First-time Academy Award nominee Michel Hazanavicius began his Best Director acceptance speech Sunday night (February 26) with four somewhat incredulous words: "I have an Oscar!" Indeed, Hazanavicius beat out four of Hollywood's most experienced and respected filmmakers to win the award for directing "The Artist."
"I am the happiest director in the world right now," he said.
Included in a total of 10 Oscar nominations for "The Artist" were two more for Hazanavicius (for Original Screenplay and Editing), a Best Actor nomination for (winner) Jean Dujardin, a Best Supporting Actress nomination for Bérénice Bejo (Hazanavicius' wife), a nomination for Best Original Score (won by Ludovic Bource) and a Best Picture nomination (won by producer Thomas Langmann). All this for a little black-and-white French film with almost no dialogue.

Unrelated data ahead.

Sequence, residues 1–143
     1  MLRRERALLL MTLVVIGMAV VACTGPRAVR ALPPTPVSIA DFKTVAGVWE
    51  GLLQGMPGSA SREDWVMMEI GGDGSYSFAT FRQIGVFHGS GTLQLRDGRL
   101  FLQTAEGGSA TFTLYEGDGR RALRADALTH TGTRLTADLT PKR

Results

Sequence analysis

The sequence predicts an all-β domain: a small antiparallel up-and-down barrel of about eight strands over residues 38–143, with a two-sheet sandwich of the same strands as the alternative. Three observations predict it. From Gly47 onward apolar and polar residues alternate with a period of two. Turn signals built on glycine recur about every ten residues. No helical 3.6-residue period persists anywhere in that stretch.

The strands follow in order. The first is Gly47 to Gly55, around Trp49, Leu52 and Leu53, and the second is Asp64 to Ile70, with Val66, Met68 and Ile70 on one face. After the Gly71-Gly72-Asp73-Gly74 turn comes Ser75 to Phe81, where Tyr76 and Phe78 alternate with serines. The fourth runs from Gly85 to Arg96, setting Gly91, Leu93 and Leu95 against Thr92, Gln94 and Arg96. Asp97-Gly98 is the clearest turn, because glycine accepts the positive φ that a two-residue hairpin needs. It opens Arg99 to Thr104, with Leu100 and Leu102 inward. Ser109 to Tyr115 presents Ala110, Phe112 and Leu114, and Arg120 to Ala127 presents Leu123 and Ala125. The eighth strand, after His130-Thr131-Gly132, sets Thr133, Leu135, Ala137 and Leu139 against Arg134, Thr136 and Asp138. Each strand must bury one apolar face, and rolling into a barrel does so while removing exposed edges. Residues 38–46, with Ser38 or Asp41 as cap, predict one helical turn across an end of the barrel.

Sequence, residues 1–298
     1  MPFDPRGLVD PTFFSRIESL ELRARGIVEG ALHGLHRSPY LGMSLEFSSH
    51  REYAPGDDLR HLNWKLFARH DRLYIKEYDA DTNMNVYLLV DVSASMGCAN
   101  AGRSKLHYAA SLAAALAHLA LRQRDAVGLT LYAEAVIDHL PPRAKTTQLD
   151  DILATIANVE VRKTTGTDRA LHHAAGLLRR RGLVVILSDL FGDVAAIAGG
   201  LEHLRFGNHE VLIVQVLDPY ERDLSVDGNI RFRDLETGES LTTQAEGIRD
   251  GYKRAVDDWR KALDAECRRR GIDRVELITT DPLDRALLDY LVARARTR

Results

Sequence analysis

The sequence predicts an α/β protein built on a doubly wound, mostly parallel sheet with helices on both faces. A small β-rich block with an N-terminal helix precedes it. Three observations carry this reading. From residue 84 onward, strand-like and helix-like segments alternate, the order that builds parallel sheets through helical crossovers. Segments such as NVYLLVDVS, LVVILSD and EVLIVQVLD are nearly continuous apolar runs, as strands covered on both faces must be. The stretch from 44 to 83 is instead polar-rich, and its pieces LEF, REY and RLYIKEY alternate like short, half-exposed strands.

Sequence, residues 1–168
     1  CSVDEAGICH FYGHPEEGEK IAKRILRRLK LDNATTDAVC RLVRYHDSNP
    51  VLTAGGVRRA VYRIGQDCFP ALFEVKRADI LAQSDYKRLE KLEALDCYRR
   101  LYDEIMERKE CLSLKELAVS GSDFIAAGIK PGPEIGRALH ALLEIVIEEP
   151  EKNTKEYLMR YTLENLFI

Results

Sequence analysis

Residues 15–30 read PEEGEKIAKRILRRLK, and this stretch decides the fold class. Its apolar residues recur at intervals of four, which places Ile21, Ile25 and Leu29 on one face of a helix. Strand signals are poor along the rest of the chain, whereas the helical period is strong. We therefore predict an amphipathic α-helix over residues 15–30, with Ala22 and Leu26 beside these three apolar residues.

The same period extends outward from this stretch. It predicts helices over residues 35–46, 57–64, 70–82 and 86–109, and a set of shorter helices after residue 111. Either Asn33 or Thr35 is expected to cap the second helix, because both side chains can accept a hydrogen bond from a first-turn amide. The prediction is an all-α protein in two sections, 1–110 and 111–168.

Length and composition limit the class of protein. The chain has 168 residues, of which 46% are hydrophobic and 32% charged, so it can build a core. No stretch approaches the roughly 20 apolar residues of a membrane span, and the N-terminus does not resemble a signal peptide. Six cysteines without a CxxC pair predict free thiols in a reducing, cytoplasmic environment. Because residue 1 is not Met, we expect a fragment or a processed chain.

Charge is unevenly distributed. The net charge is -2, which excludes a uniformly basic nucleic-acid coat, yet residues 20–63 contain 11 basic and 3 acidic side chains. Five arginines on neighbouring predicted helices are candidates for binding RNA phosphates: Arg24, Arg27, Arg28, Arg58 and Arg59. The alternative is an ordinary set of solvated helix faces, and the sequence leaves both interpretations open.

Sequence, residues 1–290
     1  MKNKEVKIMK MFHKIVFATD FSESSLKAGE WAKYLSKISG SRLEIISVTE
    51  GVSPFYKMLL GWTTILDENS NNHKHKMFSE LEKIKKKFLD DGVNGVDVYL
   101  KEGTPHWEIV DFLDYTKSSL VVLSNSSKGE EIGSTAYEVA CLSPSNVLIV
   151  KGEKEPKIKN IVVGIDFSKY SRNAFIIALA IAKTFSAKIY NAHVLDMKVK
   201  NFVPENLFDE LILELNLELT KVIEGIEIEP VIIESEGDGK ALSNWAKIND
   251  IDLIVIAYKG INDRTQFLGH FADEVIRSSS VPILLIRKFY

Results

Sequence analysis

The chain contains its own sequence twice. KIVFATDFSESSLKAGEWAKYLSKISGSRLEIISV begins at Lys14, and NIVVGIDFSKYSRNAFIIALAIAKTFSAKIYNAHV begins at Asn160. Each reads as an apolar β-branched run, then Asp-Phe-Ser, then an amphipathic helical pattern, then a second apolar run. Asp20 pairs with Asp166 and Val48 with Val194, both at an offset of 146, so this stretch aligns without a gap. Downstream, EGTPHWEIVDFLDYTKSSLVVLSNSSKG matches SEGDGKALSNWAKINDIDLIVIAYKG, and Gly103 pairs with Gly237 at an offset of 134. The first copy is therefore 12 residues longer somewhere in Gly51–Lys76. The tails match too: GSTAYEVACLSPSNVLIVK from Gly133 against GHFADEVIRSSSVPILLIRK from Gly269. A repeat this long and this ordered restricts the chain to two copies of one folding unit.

In the film, Dujardin plays George Valentin, a fading silent-film star unwilling to embrace the changes occurring in Hollywood during the late 1920s and early 1930s. Bejo plays Peppy Miller, whose star is on the rise. "The Artist" also stars John Goodman, James Cromwell, Penelope Ann Miller and [article id="1679941"]Uggie the dog[/article], whom Hazanavicius did not fail to thank in his speech.
"The Artist" has been racking up awards since it charmed audiences and judges at the Cannes Film Festival last year. Hazanavicius had already won a BAFTA, a DGA Award and an Independent Spirit Award leading up to Oscar night.
Hazanavicius bested Alexander Payne ("The Descendants"), Martin Scorsese ("Hugo"), Woody Allen ("Midnight in Paris") and Terrence Malick ("The Tree of Life") to win his Oscar for directing. "Sometimes life is wonderful," he said during his speech, "and today is one of these days."
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